What is a Writing Marathon?
A running marathon is just a smidge over 26 miles. I got the idea of doing a writing marathon at school with my students while listening to a podcast about NaNoWriMo. I don't usually participate in NaNoWriMo, but I do participate in PiBoIdMo, where I devote the whole month to brainstorming picture book ideas. Several years in a row, I also participated in the PictureBook Marathon during the month of February. The goal was to do write 26 picture book drafts (no matter how bad they were) in 28 days, with two days of rest.
Pushing yourself through a challenge can really make you realize that you can do more than you ever thought possible.
So I put all of these ideas together and tweaked it to make it applicable to fourth and fifth grade students. I wanted them to get a sense of accomplishment that comes with pushing yourself in an area that sometimes can be challenging.
One of the things we noticed as teachers is that students lacked fluency and stamina in writing. For instance, it's hard to get them to persevere for longer than 10-15 minutes in writing.
I knew that from my own writing, in the beginning, when you start to make writing a habit, some days it's hard to get more than a paragraph out. But as you write each and every day, it gets easier and easier to get more words out. It builds your writing muscle.
Creating a Writing Marathon for Students
I created the writing marathon for fourth and fifth grade students, but you could do this with younger kids or adult writers. In fact, if you are a writer, I challenge you to try this out for yourself.
If you are a teacher who wants to do this at your school, you need to do this WITH your students. It will help you see just how hard it is to push through every day for 26 days. You will become more empathetic when kids are struggling to write, and at the end, you will also accomplish something for yourself.
When is the Marathon?
I set it up in February because it's a short month, and nowhere near the beginning-of-school-craziness, the holiday madness, or the end-of-the-year testing nightmare. February is quiet. And it's a great way to get through one the worst days of winter.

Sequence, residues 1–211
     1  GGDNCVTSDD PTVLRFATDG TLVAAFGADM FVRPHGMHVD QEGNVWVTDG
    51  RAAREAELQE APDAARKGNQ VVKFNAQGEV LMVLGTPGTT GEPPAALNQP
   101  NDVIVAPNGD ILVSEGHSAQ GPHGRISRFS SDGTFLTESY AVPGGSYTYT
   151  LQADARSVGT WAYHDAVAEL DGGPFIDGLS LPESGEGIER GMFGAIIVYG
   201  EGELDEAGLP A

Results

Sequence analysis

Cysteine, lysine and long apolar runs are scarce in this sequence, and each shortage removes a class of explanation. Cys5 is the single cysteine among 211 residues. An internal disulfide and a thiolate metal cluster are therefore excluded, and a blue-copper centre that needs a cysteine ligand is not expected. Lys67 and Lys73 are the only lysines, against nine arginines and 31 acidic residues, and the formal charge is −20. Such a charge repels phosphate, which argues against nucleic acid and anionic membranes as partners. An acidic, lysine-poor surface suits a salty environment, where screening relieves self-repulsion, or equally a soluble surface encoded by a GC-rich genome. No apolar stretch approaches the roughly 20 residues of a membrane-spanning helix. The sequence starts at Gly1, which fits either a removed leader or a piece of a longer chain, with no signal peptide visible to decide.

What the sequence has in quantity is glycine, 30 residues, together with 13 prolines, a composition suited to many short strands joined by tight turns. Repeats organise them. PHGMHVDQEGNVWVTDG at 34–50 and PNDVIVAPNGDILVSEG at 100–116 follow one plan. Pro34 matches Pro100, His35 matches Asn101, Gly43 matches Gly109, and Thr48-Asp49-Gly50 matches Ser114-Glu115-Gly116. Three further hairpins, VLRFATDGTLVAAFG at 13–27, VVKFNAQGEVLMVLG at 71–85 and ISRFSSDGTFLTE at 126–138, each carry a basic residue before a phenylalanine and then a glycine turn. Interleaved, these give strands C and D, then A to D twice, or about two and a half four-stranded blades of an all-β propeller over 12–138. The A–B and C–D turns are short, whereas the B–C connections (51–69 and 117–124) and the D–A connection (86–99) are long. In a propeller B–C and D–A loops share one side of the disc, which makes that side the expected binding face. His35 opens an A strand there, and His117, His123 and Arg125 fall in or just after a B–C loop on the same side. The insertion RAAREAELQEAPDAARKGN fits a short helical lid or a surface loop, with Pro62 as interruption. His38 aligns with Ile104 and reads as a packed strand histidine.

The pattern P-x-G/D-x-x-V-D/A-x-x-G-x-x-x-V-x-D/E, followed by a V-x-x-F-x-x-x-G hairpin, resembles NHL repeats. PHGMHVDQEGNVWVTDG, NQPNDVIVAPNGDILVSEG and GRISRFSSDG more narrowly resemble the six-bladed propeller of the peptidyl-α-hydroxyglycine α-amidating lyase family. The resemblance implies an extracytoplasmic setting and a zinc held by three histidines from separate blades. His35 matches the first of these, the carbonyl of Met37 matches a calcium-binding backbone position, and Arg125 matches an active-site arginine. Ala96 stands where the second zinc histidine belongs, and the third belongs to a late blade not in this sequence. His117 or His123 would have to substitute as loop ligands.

I set ours up before school. School begins at 8:00am, but doors open for students at 7:30am. If students wanted to participate at school with a group, then I met them in the library every morning and wrote with them.
Students could also do it at home, but with so many after school activities, sports, and homework, this sometimes made students get bogged down with other things.
There is something special about writing while still a bit sleepy.
How to Create an Atmosphere
My principal purchased granola bars for our writing marathon. Students came in, grabbed a granola bar, if they wanted one, and a computer. I had soft classical music playing. I highly recommend soft music. It minimizes and sometimes eliminates socializing, and it provides a soothing atmosphere.
Sometimes, as writers we need cues to start. Much like knowing when to come out for your part in the play, you need to know "this is when I write." The music is on, I have something to eat, let's get busy.
How do you create an atmosphere conducive to writing for yourself or your students? Leave a comment below.
This series was originally posted on Marcie Atkins' website. It is the first in a 3-part series.
Wednesday's post will feature writing marathon resources.
Friday's post will feature impact on writers.